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July 15, 2014 7:52 pm
Space tourism and the continued rapid growth of Britain’s space industry will provide a £1bn annual boost to the economy, the government has said.
The Civil Aviation Authority has recommended that spaceplanes should be treated as experimental aircraft, allowing them to carry fare-paying passengers, in a move that will further boost the sector.
Ministers want a spaceport to be constructed in the UK by 2018, which would serve as a base for tourists taking spaceplanes and where commercial satellites could be launched and space research undertaken.
Sir Richard Branson’s space tourism venture Virgin Galactic, which is based in New Mexico and is due to begin flights this year, is set to operate from the spaceport.
Eight possible locations have been identified for the spaceport, including six in Scotland – Stornoway airport, Kinloss Barracks, RAF Lossiemouth, RAF Leuchars, Glasgow Prestwick airport and Campbeltown airport. The other sites are Llanbder airport in Wales and Newquay Cornwall airport.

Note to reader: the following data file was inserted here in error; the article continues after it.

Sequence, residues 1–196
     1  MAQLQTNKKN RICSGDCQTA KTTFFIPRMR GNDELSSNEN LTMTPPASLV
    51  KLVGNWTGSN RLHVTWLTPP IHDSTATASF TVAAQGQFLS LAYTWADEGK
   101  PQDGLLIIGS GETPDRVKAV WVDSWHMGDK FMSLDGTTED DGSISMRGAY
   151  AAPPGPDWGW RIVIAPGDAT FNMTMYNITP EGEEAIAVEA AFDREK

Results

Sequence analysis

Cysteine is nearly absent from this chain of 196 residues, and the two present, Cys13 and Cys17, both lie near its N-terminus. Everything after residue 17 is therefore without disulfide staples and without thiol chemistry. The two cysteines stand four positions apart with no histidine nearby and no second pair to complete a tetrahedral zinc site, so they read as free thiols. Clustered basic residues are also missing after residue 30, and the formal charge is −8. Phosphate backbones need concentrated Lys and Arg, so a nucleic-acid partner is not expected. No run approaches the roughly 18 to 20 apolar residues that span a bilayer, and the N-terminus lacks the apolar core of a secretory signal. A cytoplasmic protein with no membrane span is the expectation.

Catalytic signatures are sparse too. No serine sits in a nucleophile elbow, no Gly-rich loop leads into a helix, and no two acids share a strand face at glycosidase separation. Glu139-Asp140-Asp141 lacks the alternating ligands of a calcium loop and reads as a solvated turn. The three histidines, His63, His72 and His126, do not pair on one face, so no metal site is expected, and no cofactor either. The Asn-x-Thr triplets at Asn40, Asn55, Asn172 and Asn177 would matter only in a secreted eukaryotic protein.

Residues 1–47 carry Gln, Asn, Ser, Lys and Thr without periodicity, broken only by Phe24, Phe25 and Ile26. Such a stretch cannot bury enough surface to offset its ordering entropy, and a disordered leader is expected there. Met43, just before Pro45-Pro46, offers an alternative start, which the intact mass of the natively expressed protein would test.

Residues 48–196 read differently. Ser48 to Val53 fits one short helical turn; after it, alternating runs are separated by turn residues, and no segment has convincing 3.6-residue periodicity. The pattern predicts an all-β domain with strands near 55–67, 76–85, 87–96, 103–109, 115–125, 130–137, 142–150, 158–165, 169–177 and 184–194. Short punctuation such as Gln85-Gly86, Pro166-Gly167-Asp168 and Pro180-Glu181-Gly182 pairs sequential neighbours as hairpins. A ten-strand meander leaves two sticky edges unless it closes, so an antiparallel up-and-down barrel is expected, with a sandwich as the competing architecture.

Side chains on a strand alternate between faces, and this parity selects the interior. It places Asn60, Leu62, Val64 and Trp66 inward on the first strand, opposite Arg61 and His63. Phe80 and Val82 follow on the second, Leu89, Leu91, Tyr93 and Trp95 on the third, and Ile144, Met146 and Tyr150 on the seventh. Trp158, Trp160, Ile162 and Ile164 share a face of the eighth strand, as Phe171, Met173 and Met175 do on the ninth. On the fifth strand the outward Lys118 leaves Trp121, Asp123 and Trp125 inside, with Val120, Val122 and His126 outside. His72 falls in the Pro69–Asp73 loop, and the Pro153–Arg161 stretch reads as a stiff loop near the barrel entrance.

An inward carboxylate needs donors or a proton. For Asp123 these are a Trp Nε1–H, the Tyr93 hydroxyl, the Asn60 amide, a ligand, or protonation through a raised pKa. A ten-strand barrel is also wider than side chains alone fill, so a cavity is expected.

The transport department opened a consultation on Tuesday on the merits of each option but space agency directors are working on the basis that Scotland would continue to be part of the UK.
The UK space industry’s has grown by 7.2 per cent during the past two years, according to official figures, contributing £11.3bn to the economy annually and providing employment for 34,000 people.
The government is targeting revenues of £40bn a year, 10 per cent of the expected global market, by 2030 for the sector.
On Tuesday, Lockheed Martin, the US aerospace and defence company, announced it is to set up a space office at the UK Space Gateway in Harwell, Oxford.
However, there would be numerous challenges facing the UK in developing a space industry, said Peter B de Selding, Paris bureau chief at SpaceNews.
Insurance companies would be unwilling to insure space tourists because accidents in a fledgling industry would lead to costly claims, he said.
In addition, complex red tape and regulation currently in place would be difficult to ease. There would also be environmental concerns, he said.
Robert Goodwill, aviation minister, said: “To lead the way on commercial space flight, we will need to establish a spaceport that enables us to operate regular flights. The work published today has got the ball rolling.”
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